How well is the U.N. doing its job of helping the world stay at peace?
After six decades of promoting peace, the United Nations (U.N.) has gained the respect of leaders worldwide. But recent scandals have created doubts about the peacekeeping organization. Some observers wonder if the U.N. is still capable of leading the world toward peace.
The U.N. was created in 1945 in response to the horrors of World War II. Hoping to prevent a future world war, 51 nations got together and formed the U.N. Today there are 191 member state. Representative meet regularly, making decisions affecting world peace, economics, health and social issues.
The U.N. serves as a place for nations to peacefully work out their difference. This takes place through discussion and debate.
But the U.N. has also taken the leas in many other areas, from disaster aid to women’s rights. The organization has promoted democracy in places like Cambodia, Nicaragua and East Timor. It has given aid to more than 50 million refugees. U.N. agencies have provided safe drinking water to over 1.3 billion people. And the U.N. leads an effort to clear landmines from former battlefields.
Unfortunately, the good done by the U.N. has sometimes been overshadowed by scandals. In Africa, U.N. peacekeepers have been blamed for taking advantage of the every people they were sent to protect.
Some U.N. staff members have also been accused of taking bribes from Iraqi officials. A U.N. investigation found several members, as well as the secretary-general’s son Kojo Annan, guilty of wrongdoing. The report did not find Secretary-General Kofi Annan guilty. It did, however, criticize him for failing to make a through investigation into the matter.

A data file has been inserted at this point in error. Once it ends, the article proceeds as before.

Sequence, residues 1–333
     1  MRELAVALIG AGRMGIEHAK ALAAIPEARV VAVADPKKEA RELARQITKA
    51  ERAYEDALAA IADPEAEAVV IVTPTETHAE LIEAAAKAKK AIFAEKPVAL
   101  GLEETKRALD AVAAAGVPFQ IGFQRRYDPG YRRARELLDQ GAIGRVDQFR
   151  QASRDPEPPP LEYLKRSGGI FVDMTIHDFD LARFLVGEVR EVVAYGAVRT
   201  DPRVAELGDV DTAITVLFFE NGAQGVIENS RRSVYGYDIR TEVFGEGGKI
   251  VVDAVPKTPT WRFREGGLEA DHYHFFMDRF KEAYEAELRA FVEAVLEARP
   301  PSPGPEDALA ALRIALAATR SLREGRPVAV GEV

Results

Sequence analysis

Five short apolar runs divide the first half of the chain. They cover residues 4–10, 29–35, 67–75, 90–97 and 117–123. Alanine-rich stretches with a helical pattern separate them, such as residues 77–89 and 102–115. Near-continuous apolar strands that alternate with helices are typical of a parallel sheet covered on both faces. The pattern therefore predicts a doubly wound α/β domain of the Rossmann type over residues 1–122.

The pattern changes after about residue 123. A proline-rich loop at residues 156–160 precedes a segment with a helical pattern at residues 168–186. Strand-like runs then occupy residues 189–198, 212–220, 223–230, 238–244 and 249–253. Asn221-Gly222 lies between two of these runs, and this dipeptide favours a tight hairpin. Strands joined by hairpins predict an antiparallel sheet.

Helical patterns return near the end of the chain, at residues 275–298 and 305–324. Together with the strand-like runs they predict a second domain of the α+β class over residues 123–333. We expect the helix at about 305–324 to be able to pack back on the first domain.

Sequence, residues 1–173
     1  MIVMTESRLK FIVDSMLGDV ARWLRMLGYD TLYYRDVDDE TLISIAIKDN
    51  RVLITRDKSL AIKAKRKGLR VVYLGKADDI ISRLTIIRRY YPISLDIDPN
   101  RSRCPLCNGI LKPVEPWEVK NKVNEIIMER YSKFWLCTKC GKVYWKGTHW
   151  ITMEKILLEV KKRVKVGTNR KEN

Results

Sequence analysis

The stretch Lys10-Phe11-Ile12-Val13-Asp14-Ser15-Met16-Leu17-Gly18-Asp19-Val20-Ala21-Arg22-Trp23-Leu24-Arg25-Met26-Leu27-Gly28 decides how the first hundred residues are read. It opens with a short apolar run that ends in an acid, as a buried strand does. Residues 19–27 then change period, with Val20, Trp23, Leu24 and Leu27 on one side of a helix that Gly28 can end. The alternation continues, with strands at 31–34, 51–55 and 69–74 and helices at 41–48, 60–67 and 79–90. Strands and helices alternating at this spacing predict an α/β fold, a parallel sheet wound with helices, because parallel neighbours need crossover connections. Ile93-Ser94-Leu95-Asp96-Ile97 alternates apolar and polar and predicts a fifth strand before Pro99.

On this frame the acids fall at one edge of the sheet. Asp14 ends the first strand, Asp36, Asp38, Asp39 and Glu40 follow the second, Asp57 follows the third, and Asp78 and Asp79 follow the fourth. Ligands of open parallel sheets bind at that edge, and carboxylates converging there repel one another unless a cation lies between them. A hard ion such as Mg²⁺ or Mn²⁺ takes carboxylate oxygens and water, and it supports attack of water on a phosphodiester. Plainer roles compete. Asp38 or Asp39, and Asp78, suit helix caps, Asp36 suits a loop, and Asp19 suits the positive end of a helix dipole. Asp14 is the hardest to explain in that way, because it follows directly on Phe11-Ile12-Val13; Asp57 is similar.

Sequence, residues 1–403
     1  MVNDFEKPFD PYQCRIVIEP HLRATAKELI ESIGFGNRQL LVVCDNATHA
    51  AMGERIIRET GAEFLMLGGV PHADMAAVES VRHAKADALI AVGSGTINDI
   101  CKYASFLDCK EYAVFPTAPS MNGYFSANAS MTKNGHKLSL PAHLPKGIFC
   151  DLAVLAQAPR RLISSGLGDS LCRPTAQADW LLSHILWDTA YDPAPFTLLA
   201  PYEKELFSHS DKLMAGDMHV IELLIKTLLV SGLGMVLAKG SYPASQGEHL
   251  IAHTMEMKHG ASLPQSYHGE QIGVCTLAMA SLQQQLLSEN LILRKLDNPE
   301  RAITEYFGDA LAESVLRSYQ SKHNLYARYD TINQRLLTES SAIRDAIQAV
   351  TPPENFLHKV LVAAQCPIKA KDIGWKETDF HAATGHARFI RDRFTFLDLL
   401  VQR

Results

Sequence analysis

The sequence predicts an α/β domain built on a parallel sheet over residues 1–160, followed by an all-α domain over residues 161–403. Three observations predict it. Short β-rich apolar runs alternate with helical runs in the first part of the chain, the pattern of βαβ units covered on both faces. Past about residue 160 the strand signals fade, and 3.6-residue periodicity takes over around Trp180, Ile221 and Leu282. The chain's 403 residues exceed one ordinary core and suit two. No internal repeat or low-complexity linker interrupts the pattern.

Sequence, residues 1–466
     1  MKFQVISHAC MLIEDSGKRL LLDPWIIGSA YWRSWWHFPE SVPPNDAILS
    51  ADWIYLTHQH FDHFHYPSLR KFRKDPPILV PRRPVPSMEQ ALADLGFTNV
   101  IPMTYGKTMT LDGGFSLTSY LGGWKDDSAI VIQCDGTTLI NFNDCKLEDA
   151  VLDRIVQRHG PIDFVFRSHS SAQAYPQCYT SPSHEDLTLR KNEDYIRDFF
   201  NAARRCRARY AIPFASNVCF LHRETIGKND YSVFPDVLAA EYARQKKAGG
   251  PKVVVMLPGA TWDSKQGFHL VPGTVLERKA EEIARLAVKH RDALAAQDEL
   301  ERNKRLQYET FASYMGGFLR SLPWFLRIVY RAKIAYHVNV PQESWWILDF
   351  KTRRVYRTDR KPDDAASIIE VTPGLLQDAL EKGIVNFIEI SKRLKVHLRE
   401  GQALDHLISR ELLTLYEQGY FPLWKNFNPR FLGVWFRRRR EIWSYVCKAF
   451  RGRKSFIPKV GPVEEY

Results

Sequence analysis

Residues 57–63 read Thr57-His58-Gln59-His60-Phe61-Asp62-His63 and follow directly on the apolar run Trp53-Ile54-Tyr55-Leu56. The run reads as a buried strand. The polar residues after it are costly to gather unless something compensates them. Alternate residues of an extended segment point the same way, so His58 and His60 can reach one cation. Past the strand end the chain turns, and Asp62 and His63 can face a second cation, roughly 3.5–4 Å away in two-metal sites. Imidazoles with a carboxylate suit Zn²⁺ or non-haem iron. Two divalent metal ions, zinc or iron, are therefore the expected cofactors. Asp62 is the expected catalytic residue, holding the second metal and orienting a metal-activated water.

Last year, the U.N. celebrated its 60th anniversary. The occasion prompted some people to reassess whether the organization is meeting its original goal. To date, the world has not experienced a third world war. Many would agree that the U.N. has helped to prevent it. In 2001, the U.N. received a Nobel Prize for its peace efforts.
But the secretary-general believes there’s still more to do. “Our mission is to assist people all over the world…to live better lives, in safety and dignity,” Annan said.
That’s a worthy goal for the future.
- bribe 賄賂 : The politician was found guilty of taking bribes.
- reassess 再次評估 : Ben reassess his teaching methods, and decided to make some changes.
- dignity 尊嚴;高尚 : Mr. Chen was a man of dignity and great wisdom.